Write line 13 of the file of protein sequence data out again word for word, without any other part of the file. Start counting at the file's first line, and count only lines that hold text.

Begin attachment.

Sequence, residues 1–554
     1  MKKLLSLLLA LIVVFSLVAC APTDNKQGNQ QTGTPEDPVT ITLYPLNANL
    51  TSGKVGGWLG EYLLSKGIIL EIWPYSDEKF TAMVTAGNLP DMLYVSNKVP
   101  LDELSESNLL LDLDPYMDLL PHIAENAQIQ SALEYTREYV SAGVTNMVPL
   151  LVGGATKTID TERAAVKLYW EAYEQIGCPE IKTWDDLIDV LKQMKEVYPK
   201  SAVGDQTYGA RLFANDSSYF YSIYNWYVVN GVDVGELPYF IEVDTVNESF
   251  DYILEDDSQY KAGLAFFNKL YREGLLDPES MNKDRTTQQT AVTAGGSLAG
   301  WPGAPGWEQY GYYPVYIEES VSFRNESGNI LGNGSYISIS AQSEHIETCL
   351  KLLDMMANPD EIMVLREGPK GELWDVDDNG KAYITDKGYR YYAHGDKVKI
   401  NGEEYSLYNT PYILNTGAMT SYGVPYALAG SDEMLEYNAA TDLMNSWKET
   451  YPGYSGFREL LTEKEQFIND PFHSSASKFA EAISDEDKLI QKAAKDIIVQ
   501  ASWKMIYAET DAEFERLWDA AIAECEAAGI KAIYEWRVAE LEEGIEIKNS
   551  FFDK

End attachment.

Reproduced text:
   551  FFDK